Impermanence is swift; life-and-death is a vital matter 1. For the
short while you are alive, if you wish to study or practice some
activity, just practice the Buddha-Way and study the buddha-dharma.
Since literature and poetry are useless, you should give them up.
Even when you study the buddha-dharma and practice the Buddha-Way,
do not study extensively. Needless to say, refrain from learning
the Exoteric and Esoteric scriptures of the teaching-schools 2. Do
not be fond of learning on a large scale, even the sayings of the
buddhas and patriarchs. It is difficult for us untalented and inferior
people to concentrate on and complete even one thing. It is no good
at all to do many things at the same time and lose steadiness of
- Life-and-death or birth-and-death. This is also a translation
of shoji, or in Sanskrit, samsara which means transmigration
within the six realms of delusions. In Shobogenzo Shoji (Life-and-death),
however, Dogen said, “Life-and-death is the precious Life of the Buddha.
For human beings, clarifying the reality of life-and-death is the great
Impermanence is also usually used in a negative sense, though Dogen
quoted the Sixth Patriarch in Shobogenzo Bussho (Buddha-nature),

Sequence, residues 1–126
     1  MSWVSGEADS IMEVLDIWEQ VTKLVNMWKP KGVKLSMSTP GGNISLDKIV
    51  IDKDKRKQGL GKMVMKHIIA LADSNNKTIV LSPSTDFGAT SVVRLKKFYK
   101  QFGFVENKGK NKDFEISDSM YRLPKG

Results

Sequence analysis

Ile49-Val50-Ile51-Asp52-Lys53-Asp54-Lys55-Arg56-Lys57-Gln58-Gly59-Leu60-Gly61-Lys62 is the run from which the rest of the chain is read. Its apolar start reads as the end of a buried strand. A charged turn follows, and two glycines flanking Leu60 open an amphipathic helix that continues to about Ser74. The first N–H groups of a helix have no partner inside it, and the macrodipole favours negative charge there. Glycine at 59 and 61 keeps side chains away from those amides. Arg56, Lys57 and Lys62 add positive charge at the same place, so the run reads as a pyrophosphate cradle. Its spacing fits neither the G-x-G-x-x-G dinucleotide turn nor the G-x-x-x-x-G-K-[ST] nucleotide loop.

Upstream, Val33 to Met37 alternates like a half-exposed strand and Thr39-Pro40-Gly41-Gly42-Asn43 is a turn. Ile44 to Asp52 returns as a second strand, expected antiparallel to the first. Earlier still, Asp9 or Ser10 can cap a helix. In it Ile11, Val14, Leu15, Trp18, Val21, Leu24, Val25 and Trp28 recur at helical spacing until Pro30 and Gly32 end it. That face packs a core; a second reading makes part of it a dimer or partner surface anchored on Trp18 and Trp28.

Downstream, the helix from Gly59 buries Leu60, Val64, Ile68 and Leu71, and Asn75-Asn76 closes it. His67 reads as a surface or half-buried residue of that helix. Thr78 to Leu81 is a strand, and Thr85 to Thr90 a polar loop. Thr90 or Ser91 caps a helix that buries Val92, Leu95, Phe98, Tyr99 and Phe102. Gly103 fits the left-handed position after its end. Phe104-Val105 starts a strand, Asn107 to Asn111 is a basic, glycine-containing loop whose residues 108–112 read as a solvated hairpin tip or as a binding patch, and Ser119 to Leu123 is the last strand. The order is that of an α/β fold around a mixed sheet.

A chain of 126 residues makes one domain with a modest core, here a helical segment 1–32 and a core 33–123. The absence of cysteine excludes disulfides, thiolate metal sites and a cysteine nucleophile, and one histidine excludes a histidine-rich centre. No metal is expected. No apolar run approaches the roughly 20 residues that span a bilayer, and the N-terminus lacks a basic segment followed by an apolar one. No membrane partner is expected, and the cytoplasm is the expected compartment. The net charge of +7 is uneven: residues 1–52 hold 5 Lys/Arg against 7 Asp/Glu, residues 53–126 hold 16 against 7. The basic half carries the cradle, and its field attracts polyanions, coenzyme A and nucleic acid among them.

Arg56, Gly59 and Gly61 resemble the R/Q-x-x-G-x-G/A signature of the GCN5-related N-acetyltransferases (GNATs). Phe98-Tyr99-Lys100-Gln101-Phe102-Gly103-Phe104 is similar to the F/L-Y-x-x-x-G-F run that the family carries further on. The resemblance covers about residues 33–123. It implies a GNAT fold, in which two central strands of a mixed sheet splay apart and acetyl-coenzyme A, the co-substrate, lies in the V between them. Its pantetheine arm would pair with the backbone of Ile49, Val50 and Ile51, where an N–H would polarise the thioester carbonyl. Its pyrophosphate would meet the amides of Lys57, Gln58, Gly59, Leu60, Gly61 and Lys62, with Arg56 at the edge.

“Therefore, grass, trees, and bushes are impermanent, and are nothing
but Buddha-nature. Human beings and things, body and mind are impermanent,
and are nothing but Buddha-nature. The earth, mountains, and rivers
are impermanent, because they are Buddha-nature. Supreme awareness
(Anuttara-samyak-sambodhi) is impermanent, since it is Buddha-nature.
The great Nirvana is Buddha-nature since it is impermanent.”
- The teaching-schools is a translation of Kyoke or Kyoshu,
those schools based on written scriptures. For example, Kegonshu
is based on the Kegonkyo (Avatamsaka-sutra). This is in
contrast to believers of the Zenke or Zenshu, which
insist that Zen is based on Buddha-mind alone, not on the Buddha’s
verbal teachings. Exoteric teaching is a translation of Kenkyo,
a general term for all the Buddhist teachings, both hinayana and mahayana other
than the Esoteric teachings (mikkyo). Mikkyo means
the mystic teachings which were directly revealed by the Dharma-body
Buddha, Dainichi (Mahavairocana). This school arose in India after
the hinayana and mahayana schools. In Japan, Mikkyo was
systematized by Kukai (774–835) and became the Shingon School. This
is also known as Vajra-yana Buddhism.